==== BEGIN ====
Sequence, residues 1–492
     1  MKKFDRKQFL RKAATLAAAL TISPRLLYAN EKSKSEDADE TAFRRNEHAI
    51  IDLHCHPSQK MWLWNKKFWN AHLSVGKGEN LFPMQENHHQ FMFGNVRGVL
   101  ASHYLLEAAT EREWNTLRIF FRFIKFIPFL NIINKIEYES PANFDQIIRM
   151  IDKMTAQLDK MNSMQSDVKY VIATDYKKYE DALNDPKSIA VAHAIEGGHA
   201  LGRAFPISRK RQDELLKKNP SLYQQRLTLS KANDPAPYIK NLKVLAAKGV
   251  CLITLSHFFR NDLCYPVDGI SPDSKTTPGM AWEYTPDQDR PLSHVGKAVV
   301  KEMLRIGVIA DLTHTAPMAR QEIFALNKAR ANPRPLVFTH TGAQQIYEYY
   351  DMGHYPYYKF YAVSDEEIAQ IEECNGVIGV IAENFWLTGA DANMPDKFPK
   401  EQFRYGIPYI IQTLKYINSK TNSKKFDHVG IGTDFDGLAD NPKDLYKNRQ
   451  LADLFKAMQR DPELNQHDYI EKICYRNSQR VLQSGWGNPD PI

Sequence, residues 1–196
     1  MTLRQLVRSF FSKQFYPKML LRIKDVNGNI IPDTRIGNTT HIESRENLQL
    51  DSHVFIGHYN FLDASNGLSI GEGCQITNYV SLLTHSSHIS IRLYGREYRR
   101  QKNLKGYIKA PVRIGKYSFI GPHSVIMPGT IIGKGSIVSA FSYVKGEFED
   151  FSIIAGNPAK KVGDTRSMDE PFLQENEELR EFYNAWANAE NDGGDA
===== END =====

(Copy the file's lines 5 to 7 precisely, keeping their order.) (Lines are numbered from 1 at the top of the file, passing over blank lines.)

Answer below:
   151  IDKMTAQLDK MNSMQSDVKY VIATDYKKYE DALNDPKSIA VAHAIEGGHA
   201  LGRAFPISRK RQDELLKKNP SLYQQRLTLS KANDPAPYIK NLKVLAAKGV
   251  CLITLSHFFR NDLCYPVDGI SPDSKTTPGM AWEYTPDQDR PLSHVGKAVV